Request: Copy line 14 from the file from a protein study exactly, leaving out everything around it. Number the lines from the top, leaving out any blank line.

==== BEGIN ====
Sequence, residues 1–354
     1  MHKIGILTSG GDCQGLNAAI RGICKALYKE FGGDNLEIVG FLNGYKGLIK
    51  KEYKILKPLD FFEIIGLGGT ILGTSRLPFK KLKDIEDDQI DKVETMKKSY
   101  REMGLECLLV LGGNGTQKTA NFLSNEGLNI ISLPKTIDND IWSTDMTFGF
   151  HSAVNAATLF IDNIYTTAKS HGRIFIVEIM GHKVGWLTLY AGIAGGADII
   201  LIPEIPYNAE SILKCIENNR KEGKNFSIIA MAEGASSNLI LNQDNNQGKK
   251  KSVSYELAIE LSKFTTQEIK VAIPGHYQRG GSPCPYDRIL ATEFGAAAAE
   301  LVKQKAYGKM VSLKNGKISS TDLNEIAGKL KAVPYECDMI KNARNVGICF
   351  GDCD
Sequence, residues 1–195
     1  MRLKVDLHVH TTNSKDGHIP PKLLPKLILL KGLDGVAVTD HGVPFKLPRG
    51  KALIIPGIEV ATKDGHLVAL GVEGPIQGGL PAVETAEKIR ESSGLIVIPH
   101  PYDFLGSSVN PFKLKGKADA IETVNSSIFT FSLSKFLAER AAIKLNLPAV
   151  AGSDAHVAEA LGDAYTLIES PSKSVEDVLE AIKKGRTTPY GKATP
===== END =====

   151  AGSDAHVAEA LGDAYTLIES PSKSVEDVLE AIKKGRTTPY GKATP